· Live anthrax from the hellish base at Fort Detrick, Maryland is shipped, by accident, all around the US and overseas, with no clear accounting of where else it was then transshipped.

· In violation of many international and US environmental laws, the US military conducts massive open-pit burns of toxic waste in Afghanistan, sickening US service members and Afghans.

· At least 600 US soldiers have suffered health problems from exposure to Iraqi poison weapons that the US designed.

· Locals have convinced the US government to postpose a burn of more than 700 acres of what the EPA called the most contaminated square mile on Earth at Rocky Flats, Colorado, where the Pentagon’s corporations manufactured the deadly radioactive triggers to some 70,000 nuclear bombs.

 When the US military achieves “Mission Accomplished” the results are predictable; the “vanquished” enemy steps up, digs deeper, and comes roaring back more virulent than ever. Since our ill advised Gulf War in 1991—after which we saw the creation of al Qaida as an enemy—to Bush’s invasion of Iraq in 2003—after which we see a caliphate (!), our violence has been spectacular in two results: short term victory and long term losses at exorbitant expense in blood and treasure.

· The US military consumes more fossil fuel, contributing more to climate chaos, than any other entity on Earth.

Time to look elsewhere for solutions. If Congress is ever interested, there are thousands of scholars, practitioners, researchers, and professionals who know pieces of this puzzle. Few are in the military. Many are at work, in the US and all around the world, solving problems sustainably, helping instead of threatening, developing instead of bombing, and doing it all at a tiny, tiny fraction of the cost of the most expensive war machine the world has ever seen. Either Congress should investigate and inquire or the people should elect some Members who would.

Tom H. Hastings is Founding Director of PeaceVoice.

Happy Earth Day 4/22/15

A day for Our Mother Earth

by Tom H. Hastings

images-2How many holidays do we have? MLK Day in January, Valentines Day in February, Easter in March or April, Earth Day in April, Memorial Day in May, and so forth. Of those few examples, two were declared in my adulthood. New holidays take time to catch on and embed themselves in the culture. They can stray from their roots. Christmas is for consumerism. Veterans Day is to promote war. Thanksgiving is for football.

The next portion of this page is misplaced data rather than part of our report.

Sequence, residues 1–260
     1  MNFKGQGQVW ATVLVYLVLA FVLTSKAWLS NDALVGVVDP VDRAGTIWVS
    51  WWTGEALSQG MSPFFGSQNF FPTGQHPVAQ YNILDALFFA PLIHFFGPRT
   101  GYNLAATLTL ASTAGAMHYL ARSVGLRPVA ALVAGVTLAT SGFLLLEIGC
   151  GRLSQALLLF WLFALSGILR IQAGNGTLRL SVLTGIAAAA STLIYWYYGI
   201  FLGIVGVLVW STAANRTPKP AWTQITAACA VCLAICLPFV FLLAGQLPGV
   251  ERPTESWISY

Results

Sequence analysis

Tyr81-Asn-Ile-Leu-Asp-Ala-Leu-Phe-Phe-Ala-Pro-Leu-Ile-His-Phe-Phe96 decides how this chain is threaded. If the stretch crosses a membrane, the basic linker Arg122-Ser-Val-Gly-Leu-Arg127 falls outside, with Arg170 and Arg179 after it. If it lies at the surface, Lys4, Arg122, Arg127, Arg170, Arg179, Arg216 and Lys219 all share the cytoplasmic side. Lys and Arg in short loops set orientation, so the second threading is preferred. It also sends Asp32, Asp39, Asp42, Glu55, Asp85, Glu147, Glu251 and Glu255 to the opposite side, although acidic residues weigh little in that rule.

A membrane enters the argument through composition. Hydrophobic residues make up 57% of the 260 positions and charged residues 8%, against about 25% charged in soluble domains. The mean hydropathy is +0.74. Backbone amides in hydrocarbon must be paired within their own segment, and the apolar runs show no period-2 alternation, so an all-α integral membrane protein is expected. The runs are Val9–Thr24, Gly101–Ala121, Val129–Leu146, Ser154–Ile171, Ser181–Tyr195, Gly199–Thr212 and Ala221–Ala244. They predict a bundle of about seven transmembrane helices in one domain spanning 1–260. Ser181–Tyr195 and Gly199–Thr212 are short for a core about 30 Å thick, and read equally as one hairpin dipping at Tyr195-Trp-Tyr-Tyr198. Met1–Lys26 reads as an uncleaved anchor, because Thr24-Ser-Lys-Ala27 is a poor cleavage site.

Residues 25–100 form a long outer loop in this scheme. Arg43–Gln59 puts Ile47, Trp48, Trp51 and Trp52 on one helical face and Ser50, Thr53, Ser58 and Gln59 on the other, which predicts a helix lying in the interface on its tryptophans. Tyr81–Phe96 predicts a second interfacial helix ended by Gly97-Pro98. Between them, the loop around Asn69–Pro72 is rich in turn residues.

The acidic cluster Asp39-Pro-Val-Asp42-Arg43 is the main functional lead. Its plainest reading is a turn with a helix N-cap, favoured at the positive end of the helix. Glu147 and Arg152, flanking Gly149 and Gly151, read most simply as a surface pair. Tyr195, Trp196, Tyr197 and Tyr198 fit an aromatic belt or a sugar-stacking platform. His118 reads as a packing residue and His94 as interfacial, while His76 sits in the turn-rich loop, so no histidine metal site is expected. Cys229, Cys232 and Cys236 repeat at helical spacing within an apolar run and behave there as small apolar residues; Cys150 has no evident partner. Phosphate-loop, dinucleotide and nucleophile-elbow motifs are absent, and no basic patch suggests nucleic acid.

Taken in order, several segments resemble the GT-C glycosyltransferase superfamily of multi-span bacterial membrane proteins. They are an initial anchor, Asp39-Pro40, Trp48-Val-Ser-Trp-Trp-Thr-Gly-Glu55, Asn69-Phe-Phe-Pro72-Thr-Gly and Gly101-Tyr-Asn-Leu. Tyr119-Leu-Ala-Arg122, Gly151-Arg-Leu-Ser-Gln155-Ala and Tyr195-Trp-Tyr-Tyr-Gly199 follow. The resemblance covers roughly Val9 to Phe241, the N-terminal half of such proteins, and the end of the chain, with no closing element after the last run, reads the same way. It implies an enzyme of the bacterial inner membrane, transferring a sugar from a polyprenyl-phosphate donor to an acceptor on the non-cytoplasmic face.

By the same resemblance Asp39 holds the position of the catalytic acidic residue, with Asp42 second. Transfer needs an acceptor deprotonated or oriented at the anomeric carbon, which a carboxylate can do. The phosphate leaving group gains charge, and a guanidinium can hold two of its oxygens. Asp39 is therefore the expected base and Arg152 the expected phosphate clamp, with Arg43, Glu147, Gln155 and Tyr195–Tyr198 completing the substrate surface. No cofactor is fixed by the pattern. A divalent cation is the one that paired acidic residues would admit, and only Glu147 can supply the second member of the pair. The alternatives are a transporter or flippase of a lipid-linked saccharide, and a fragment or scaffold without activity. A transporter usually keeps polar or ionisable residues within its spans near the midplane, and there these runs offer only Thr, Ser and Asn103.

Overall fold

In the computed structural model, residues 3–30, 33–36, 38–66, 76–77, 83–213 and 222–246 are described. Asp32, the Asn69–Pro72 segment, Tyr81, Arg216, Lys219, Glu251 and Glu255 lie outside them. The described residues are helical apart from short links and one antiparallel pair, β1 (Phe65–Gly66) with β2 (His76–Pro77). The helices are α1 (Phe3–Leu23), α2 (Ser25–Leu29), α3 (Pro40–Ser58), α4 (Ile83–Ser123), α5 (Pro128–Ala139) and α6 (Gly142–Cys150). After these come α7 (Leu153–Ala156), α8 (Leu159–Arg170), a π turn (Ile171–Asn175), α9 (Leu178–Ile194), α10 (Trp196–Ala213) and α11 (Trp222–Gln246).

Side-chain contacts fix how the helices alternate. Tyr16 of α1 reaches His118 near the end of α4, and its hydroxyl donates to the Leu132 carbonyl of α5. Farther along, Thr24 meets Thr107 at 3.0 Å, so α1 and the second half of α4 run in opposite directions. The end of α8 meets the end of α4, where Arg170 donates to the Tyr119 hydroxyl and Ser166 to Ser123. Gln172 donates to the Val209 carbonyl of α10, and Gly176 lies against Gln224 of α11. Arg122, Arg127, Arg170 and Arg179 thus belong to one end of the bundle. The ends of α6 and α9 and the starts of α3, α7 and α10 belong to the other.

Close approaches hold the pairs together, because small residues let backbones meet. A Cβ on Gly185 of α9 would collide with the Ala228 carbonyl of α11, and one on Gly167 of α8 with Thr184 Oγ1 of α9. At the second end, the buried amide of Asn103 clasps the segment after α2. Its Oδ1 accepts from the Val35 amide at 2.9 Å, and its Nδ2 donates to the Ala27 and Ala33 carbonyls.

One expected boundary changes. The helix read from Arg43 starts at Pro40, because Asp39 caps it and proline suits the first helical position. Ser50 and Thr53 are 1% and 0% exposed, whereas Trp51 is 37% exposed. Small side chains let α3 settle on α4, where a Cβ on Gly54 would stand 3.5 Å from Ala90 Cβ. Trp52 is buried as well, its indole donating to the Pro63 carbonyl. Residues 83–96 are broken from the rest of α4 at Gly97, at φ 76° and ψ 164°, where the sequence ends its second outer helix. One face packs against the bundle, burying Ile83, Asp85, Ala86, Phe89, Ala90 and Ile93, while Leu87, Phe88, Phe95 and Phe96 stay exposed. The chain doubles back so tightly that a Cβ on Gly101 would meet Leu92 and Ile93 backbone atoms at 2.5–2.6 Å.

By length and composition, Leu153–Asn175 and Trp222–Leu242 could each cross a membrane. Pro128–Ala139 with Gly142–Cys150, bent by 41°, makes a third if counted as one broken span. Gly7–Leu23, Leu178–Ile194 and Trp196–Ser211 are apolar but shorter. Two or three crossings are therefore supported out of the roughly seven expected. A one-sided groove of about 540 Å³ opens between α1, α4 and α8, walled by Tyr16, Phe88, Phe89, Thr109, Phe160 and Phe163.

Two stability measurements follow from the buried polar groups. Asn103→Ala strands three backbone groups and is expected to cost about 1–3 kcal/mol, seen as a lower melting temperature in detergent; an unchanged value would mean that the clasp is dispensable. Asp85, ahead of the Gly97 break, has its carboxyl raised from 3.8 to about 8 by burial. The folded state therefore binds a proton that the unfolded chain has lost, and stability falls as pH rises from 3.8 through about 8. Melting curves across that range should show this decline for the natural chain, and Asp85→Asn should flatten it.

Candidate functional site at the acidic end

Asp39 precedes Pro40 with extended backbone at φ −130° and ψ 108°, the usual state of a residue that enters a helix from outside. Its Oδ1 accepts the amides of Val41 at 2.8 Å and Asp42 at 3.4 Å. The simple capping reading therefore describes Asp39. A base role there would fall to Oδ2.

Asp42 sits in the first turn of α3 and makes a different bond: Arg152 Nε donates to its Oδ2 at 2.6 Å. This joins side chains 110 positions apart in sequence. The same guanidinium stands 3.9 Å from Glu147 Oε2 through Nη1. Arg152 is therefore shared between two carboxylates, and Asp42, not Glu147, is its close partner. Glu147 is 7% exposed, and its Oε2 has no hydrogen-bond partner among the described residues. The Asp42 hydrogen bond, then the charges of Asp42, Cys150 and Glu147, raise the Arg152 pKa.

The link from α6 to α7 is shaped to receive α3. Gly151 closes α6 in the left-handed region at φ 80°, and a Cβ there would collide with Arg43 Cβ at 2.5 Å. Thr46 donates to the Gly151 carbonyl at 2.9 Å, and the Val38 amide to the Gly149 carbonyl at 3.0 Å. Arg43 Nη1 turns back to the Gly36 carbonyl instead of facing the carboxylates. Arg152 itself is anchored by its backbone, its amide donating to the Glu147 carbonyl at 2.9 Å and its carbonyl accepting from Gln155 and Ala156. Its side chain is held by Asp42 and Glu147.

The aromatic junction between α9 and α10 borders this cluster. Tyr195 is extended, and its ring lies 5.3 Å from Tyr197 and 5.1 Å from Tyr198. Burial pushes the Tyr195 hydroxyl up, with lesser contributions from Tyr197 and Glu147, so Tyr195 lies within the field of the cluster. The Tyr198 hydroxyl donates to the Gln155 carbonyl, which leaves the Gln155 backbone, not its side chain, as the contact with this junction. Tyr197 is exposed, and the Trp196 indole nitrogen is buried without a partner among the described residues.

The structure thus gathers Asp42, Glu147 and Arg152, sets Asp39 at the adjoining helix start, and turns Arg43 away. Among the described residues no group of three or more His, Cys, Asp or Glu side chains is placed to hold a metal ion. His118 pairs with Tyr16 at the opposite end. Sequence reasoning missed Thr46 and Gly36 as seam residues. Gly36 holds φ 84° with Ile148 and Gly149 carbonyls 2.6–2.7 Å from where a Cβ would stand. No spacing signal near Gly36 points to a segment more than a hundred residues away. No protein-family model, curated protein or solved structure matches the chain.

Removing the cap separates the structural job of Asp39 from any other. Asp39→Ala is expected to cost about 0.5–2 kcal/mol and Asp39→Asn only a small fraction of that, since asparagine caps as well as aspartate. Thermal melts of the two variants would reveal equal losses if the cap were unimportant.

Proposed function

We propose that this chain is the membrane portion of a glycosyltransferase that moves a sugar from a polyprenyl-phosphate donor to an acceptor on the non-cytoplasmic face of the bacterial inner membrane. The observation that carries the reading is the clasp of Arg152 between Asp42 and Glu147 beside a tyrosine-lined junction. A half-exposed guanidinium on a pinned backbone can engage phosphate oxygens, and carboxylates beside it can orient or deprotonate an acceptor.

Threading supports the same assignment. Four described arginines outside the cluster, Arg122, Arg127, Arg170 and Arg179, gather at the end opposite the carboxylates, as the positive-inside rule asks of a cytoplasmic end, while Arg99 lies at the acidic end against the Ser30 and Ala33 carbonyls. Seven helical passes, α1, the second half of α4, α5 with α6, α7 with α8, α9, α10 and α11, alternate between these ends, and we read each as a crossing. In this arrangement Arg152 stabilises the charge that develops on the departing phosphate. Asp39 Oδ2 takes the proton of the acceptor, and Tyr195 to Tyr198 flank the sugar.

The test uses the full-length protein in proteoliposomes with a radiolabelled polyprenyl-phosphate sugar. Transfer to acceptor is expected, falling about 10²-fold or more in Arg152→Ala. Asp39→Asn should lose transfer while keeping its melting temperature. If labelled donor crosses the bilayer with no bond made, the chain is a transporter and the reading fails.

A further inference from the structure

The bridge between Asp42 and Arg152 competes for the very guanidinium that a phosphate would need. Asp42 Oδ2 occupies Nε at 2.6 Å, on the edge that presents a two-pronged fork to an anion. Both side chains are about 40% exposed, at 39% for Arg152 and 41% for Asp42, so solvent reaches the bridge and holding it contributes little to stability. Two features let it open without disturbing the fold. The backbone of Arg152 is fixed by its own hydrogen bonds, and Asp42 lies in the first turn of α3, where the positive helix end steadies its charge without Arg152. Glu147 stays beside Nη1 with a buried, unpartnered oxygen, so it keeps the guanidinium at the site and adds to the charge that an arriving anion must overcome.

The first Earth Day, in 1970, was the launch of a new holiday with deep challenger social meaning for many of us. I was 19. I was excited that this new holiday reflected my values, the ones I was raised to hold, the ones that had worked forward from many indigenous leaders to John Muir to Aldo Leopold to Rachel Carson. My Dad taught me the number one value and tactic in life: always leave the campsite a bit nicer than when you found it. We camped across the country and that was our ritual; we broke camp and made sure the site was free of garbage but also had a bit more firewood left for the next ones than what we found.

Earth Day was meant to bring that ethic forward in innumerable ways. It was meant to celebrate the first major environmental protection law, the National Environmental Policy Act of 1969, and to promote more protection from the industrial, chemical, bulldozer, polluting, clearcutting, strip mining, ocean dumping, fuel spilling, poison spraying, habitat wrecking culture that was turning America the Beautiful into America the Dumpsite, America the Cancer Ward, America the Slashed and Burned.